By Richard Bell
The announcement in mid-September by the Assembly of Nova Scotia Mi’kmaq Chiefs rejecting any limitation of indigenous fishing in Marine Protected Areas (MPA) has added another hurdle for the Department of Fisheries and Oceans proposal to create an MPA along the Eastern Shore. The Mi’Kmaq chiefs filed their objection in Ottawa with a federal hearing process designed to set national standards for MPAs.
Back on the Eastern Shore, opposition to an MPA continues to grow under the auspices of the newly-formed society, The Association of Eastern Shore Communities Practicing Environment and Historical Access (AESC-PEHA), which held a second well-attended meeting and is gathering hundreds of petition signatures calling for there to be no MPA at all.
But despite its opposition to the MPA, AESC-PEHA requested and received a seat on DFO’s Advisory Committee, which held its first meeting in late September with more than 30 people in attendance. The Cooperator requested the names of those attending. DFO said that for privacy reasons, it could not provide the names of individuals, but did provide a list of all of the organizations with seats on the committee.
The Eastern Shore Fisherman’s Protective Association, which has held more meetings with DFO than any other group, holds 7 seats. Dalhousie has 3 seats; there are seats for First Nations groups, HRM, the province, aquaculture companies, four environmental NGOs, the Chambers of Commerce in Musquodoboit Harbour and Sheet Harbour, the Wild Islands Tourism Advancement Partnership, the Nova Scotia Federation of Anglers and Hunters, the Association for the Preservation of the Eastern Shore, Eastern Shore Forest Watch Association, and AESC-PEHA.
At the first Advisory Committee meeting, DFO made a major concession, agreeing to advance its risk assessment work with regard to the lobster fishery. This change is a move towards getting the No Take issue off the table, assuming that the risk assessment finds that the lobster fishery will not pose a threat to realizing the MPA’s conservative goals. And DFO committed to improve the transparency of the consultation process with a dedicated webpage for sharing documents.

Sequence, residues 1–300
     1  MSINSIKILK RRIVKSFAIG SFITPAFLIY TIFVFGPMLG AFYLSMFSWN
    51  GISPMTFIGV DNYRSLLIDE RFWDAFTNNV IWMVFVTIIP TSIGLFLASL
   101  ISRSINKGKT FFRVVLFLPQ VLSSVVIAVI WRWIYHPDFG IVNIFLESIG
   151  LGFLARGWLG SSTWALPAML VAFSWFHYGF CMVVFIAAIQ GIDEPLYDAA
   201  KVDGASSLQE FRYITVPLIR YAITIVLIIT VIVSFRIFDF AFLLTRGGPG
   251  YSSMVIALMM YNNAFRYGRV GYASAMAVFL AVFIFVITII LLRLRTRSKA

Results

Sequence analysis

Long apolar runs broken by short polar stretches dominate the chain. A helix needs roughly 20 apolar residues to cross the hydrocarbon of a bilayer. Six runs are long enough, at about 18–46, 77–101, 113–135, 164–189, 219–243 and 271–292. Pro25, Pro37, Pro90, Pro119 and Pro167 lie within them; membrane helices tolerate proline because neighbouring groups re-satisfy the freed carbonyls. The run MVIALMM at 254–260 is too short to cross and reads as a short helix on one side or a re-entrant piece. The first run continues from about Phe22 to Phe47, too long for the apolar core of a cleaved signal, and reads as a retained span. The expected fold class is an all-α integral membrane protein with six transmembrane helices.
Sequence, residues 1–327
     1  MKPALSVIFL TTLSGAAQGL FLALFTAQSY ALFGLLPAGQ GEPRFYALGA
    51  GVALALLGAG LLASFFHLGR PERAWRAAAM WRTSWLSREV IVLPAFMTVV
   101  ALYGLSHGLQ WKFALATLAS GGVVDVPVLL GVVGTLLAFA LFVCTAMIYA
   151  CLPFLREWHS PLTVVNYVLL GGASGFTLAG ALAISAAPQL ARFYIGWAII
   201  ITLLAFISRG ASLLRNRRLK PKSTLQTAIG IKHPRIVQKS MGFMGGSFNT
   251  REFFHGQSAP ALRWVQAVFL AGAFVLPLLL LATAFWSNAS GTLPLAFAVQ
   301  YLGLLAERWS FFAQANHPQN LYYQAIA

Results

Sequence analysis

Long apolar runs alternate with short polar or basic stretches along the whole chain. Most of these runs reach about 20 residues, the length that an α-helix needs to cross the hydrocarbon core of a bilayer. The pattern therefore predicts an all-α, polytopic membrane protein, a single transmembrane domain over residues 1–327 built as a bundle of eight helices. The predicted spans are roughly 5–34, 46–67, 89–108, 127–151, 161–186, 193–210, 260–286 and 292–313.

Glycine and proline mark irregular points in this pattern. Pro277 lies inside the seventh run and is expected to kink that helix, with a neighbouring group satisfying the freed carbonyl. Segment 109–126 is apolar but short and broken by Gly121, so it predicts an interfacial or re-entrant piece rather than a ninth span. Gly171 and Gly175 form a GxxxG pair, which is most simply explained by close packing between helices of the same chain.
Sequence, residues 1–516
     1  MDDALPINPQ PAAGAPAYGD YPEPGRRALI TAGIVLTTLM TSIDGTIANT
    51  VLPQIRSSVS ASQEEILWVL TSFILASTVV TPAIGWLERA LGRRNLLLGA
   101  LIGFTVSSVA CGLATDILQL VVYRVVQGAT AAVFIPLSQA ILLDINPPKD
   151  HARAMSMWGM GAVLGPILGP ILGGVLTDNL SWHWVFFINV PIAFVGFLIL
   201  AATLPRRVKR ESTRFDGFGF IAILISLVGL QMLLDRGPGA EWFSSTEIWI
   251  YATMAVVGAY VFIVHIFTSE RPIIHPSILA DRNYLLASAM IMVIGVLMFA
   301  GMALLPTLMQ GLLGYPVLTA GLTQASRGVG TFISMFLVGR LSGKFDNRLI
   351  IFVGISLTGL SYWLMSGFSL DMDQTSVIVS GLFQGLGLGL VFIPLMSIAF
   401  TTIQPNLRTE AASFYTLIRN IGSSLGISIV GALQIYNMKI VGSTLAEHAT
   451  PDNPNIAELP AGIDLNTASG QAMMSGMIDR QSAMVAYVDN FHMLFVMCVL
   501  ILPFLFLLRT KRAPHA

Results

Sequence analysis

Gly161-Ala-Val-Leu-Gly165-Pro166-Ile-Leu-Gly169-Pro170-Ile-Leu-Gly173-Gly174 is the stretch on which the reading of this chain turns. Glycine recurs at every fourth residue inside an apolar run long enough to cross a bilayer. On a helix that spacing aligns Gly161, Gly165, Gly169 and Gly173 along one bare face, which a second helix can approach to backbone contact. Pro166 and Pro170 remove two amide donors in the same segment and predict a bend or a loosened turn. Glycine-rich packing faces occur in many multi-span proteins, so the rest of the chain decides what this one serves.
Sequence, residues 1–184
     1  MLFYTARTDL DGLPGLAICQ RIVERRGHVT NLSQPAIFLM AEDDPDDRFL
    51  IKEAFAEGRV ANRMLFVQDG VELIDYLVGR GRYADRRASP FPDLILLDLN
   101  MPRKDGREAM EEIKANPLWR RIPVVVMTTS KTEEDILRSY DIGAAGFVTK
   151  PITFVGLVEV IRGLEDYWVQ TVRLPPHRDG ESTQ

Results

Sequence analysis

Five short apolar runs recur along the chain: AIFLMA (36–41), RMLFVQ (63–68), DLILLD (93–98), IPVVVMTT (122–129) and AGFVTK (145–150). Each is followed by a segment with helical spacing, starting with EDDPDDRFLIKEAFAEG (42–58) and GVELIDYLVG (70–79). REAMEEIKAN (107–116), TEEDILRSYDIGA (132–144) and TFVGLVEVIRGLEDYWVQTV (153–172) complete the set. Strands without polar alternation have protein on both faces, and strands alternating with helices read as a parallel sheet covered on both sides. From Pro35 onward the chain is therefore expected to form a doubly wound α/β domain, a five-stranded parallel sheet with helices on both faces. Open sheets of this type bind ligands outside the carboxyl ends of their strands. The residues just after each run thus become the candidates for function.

AESC-PEHA remains wary of any DFO pledge about No Take Zones. In an interview, AESC-PEHA’s Chris Jones explained the group’s distrust of any government promises under an MPA. Jones is a 38-year veteran of DFO, and has been involved with most of the major fisheries issues of the last four decades, starting as a young man with the creating the rules for Canada’s 200-mile zone.
“The problem is that once you have a regulation, then you can amend that regulation,” Jones said. “There are several ways you can make regulatory changes without going through any public consultation, and I’ve used them all in my day. You can claim that you need to do something quickly before something bad happens. Or you can claim that what you’re asking for is not really a big issue.”
“And then there’s the looming election rationale, that you’ve got to rush to get the change through before the government gets thrown out. In my experience, as long as you have the right rationale, you can usually change a regulation without any consulting.”
Jones questions what additional benefits more regulations would bring in an already highly regulated environment. “There’s enough governance already in play on the waters of the Eastern Shore,” he said. There are 14 federal acts that govern fisheries, each one of which can have up to hundreds of regulations. If you were to pile up the acts and the regulations, you’d have a heap 3 or 4 feet high. This coast is already one of the most protected coasts in the world.”
And regulations are only worth the enforcement backing them up. “It’s difficult for DFO to even monitor, much less enforce all the regulations that are already in play,” Jones said.